Working for logical immigation reform based on a stable population, a recognition of the finite nature of our natural resources and the adverse impact of continued growth on our quality of life, standard of living, national interest, character, language, sovereignty and the rule of law. Pushing back and countering the disloyal elements in American society and the anti-American rhetoric of the leftwing illegal alien lobbies. In a debate, when your opponents turn to name calling, it's a good sign you've already won.

Sunday, July 15, 2007

14th Amendment Babies

14th Amendment Baby is a term used to refer to a child born in the United States to illegal aliens or other non-citizens. Such a child is legally a citizen of the United States. The term refers to a resident alien's child's role in facilitating chain migration under the provisions of the Immigration and Nationality Services Act of 1965. Such a baby becomes the anchor of a chain by which its family may receive benefits from social programs such as Aid to Dependent Children, subsidized low income housing, and by which the parents may themselves eventually become lawful permanent residents or citizens of the United States.

A US-born child can in fact sponsor his/her parents for legal immigration to the United States when he/she becomes an adult, but illegal immigrant parents do not gain any immediate additional legal rights based solely on the fact that they have had a child born in the US. However, illegal immigrant parents of US-born children often avoid deportation by immigration judges because they are the biological parents of minors, who have every right to be in the US as citizens. This is the flimsy "separation of families" argument. Deporting the illegal parents of US-born children need not necessarily cause the legal breakup of families. Parents should feel obligated to take their minor children with them if they are deported. Nevertheless, liberal judges are often unwilling to recognize this obligation and allow the parents to stay, completely thwarting any semblance of a rational immigration and deportation policy. When the child becomes an adult, the child can apply to sponsor his or her foreign-born parents for U.S. citizenship.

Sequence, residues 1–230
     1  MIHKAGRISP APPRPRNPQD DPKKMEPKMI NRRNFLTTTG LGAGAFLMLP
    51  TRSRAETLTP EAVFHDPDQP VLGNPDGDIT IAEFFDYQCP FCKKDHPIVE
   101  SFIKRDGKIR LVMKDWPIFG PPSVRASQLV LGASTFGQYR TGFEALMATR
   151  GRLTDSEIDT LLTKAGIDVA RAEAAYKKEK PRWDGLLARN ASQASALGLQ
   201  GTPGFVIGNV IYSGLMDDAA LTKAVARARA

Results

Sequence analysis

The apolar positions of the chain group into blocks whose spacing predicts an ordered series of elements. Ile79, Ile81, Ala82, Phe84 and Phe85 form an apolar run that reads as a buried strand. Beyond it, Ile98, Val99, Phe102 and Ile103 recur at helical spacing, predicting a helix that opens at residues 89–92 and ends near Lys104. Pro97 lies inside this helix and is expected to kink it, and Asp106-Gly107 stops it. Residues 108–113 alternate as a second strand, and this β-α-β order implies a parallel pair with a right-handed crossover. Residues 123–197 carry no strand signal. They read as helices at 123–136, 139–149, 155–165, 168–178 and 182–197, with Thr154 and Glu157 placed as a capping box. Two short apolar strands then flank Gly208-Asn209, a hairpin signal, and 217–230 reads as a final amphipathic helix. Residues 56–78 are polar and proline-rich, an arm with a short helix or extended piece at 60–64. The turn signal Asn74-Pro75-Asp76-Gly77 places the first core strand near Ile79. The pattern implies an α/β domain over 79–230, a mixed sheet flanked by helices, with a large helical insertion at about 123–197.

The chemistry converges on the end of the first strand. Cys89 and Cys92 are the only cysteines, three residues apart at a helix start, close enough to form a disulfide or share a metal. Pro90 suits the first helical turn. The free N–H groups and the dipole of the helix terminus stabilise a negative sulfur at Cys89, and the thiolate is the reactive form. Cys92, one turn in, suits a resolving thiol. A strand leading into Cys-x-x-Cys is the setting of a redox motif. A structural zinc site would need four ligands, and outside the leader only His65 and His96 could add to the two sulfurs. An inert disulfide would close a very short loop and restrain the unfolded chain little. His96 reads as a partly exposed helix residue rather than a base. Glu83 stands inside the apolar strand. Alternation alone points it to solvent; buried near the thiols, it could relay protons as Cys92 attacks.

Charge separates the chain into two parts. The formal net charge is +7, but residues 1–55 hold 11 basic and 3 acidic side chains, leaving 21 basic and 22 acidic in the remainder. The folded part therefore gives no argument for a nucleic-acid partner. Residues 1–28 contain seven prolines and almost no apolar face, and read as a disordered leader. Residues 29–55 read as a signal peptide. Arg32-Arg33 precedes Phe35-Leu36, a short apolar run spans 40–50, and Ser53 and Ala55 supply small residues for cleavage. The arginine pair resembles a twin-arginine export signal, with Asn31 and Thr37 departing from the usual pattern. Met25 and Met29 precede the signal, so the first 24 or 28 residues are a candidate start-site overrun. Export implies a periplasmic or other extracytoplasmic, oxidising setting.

The term "14th Amendment Babies" is also used to refer to children born to women who are legally in the US on temporary visas (for example a visitor’s visa) when the child's birth is specifically intended to obtain citizenship for the child under US law; however, this is more precisely described as birth tourism. Sometimes the term jackpot baby is used interchangeably with the term anchor baby. Both terms are considered pejorative by the pro-immigration activists but at least the latter term is considered by others to be non-pejorative and fully descriptive of the nature of the children born in the U.S. of illegal parents.

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